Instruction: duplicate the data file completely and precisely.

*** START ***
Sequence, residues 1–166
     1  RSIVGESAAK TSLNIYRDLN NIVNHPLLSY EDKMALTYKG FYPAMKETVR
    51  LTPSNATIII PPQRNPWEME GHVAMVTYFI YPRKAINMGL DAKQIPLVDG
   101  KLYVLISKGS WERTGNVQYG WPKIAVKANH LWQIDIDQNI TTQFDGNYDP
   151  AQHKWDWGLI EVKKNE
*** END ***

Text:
Sequence, residues 1–166
     1  RSIVGESAAK TSLNIYRDLN NIVNHPLLSY EDKMALTYKG FYPAMKETVR
    51  LTPSNATIII PPQRNPWEME GHVAMVTYFI YPRKAINMGL DAKQIPLVDG
   101  KLYVLISKGS WERTGNVQYG WPKIAVKANH LWQIDIDQNI TTQFDGNYDP
   151  AQHKWDWGLI EVKKNE